In Acts 15, leaders of the early church movement met to discuss the state of affairs. It might seem silly now, but missionaries like Paul defended their work taking the good news of Jesus to non-Jews. The leaders decided that (a) Gentiles could join the movement of God and (b) they should adopt only four of the ancient laws—don’t worship idols, don’t be sexually immoral, and don’t eat strangled animals or blood.

Jews and Gentiles continued to have some hiccups along the way, but the compromising work of the Jerusalem Council did wonders for healing the division. Paul, in his letters to the early churches, also went to great lengths to teach unity among the diversifying body of believers, continually writing things like “There is no Jew or Greek, slave or free, male or female; for you are all one in Christ Jesus. And if you are Christ’s, then you are Abraham’s seed, heirs according to the promise” (Galatians 3:28-29).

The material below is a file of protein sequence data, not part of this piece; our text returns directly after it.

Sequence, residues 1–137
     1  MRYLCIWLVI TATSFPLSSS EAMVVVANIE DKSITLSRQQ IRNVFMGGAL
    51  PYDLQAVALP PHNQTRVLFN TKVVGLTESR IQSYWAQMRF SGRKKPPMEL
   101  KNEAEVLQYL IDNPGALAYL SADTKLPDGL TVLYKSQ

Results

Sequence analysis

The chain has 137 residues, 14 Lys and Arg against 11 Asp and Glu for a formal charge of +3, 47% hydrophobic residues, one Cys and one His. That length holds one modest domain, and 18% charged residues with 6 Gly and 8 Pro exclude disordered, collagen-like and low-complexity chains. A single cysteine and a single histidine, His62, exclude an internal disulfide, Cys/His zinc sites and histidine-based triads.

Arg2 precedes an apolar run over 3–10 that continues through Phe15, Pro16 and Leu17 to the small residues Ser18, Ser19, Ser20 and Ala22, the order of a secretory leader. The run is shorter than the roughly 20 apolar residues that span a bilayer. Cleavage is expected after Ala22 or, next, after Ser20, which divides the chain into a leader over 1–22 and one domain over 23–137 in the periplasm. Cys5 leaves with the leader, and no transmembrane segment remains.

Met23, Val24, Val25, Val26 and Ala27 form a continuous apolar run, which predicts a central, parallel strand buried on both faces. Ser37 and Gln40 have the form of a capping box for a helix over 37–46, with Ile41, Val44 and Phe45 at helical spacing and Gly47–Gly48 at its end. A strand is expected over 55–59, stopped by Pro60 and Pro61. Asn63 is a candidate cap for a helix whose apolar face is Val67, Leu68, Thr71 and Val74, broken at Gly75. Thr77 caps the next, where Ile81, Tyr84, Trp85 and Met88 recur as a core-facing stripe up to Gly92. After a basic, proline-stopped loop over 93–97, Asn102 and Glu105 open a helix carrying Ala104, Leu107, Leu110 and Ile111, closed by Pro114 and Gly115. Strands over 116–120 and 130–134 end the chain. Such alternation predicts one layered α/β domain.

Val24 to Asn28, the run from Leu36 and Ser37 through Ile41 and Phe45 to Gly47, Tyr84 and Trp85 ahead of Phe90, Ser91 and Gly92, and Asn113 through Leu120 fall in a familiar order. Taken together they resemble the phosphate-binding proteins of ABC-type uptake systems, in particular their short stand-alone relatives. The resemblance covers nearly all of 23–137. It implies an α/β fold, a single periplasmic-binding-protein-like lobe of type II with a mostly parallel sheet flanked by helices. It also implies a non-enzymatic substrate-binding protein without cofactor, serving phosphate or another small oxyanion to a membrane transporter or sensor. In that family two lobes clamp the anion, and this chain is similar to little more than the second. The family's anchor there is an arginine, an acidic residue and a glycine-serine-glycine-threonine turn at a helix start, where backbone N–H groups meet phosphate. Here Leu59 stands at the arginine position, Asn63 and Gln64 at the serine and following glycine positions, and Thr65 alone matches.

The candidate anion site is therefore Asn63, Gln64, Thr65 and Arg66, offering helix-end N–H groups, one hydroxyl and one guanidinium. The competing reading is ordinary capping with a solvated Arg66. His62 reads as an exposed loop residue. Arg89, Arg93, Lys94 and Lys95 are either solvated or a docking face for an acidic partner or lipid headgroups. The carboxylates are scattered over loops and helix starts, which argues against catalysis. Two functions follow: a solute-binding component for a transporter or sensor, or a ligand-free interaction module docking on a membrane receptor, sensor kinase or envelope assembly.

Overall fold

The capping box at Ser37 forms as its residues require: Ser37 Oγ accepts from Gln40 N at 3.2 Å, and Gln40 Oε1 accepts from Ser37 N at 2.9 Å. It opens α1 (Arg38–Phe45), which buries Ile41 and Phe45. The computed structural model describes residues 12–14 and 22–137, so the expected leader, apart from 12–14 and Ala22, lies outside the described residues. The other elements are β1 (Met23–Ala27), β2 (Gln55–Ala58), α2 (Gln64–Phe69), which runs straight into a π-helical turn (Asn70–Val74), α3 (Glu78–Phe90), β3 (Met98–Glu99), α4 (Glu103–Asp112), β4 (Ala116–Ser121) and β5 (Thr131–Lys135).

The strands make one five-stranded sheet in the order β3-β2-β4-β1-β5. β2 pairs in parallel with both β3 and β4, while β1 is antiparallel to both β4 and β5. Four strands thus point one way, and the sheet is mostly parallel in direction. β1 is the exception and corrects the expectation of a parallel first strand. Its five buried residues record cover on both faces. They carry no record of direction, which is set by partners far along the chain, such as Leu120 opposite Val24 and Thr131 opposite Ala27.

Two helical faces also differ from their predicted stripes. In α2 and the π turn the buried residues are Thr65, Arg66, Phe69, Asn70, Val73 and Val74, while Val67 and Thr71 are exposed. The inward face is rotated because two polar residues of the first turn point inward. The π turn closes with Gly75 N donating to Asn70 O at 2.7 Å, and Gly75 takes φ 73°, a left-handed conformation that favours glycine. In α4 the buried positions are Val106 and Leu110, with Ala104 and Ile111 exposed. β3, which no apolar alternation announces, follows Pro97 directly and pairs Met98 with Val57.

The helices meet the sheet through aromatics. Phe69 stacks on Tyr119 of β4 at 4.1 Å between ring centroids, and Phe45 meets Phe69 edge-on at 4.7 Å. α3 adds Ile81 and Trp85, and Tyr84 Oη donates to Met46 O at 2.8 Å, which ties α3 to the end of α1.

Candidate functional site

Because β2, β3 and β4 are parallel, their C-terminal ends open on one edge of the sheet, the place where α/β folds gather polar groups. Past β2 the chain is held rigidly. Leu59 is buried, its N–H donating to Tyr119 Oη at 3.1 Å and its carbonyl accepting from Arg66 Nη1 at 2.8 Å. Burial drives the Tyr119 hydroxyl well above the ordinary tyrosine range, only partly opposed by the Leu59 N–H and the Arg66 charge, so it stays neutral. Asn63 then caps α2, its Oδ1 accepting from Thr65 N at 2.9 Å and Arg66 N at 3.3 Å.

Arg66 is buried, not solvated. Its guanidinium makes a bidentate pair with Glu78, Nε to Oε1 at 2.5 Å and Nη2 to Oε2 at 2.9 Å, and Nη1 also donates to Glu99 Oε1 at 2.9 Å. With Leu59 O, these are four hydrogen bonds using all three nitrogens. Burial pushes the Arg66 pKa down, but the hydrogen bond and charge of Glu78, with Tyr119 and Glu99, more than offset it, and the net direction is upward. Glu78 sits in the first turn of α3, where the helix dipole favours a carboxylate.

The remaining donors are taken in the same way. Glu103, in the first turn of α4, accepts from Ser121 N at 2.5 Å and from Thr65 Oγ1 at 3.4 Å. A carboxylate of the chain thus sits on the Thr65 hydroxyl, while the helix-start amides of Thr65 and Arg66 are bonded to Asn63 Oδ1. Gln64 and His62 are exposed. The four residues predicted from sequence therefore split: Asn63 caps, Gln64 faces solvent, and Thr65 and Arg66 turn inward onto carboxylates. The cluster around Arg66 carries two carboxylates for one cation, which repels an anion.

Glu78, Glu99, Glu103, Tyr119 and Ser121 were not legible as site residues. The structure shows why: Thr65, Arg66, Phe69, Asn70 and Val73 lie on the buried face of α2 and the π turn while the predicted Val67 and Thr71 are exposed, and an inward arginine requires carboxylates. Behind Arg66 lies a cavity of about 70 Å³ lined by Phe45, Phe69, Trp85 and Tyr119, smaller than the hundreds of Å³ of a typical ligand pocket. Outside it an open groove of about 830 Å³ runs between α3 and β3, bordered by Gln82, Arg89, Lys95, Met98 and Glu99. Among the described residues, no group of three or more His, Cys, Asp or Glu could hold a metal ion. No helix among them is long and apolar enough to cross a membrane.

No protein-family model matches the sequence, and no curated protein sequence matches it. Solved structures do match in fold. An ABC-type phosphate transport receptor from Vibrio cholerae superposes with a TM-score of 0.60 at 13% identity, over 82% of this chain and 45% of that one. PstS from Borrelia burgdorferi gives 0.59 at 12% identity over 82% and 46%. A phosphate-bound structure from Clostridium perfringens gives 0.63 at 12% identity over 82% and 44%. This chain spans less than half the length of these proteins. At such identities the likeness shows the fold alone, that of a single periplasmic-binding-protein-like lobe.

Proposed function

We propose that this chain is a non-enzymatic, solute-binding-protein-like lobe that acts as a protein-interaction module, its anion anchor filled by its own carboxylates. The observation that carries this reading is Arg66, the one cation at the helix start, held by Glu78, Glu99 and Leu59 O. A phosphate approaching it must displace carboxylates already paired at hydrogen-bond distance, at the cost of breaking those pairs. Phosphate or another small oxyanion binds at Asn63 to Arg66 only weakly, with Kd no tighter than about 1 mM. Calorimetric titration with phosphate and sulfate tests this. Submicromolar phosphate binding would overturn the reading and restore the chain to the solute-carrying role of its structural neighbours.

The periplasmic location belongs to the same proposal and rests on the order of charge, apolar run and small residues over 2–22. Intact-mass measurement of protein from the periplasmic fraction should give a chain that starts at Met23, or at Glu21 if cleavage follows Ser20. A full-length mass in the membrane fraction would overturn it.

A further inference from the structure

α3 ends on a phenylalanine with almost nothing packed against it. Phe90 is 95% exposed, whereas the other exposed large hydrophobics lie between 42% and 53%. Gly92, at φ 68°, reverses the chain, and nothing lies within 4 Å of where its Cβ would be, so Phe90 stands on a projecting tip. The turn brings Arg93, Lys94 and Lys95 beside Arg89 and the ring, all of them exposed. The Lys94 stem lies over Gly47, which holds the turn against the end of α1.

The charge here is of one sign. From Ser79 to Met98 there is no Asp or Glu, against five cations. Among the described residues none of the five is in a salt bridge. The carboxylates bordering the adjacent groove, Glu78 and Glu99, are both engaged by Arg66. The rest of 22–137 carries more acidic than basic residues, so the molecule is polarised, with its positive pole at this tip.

Say what? All the divisions that separated people in the 1st-century world—Jew vs. Greek, male vs. female, slave vs. free—were erased and counted as nothing in the church. All were equal. All were loved. All, even the non-Jews, were made heirs of God’s original promise to Abraham. The “peculiar people” were diversifying by leaps and bounds.

One wonders if the modern church wouldn’t benefit from another compromising council or two.


You’ve come so far. Let’s get to the finish line quickly.

This is a common misconception, based on two things: (a) in antebellum America, slavery was often defended using (misinterpreted) passages from the Bible, including some letters of Paul, and (b) because of a cultural misunderstanding of biblical slavery.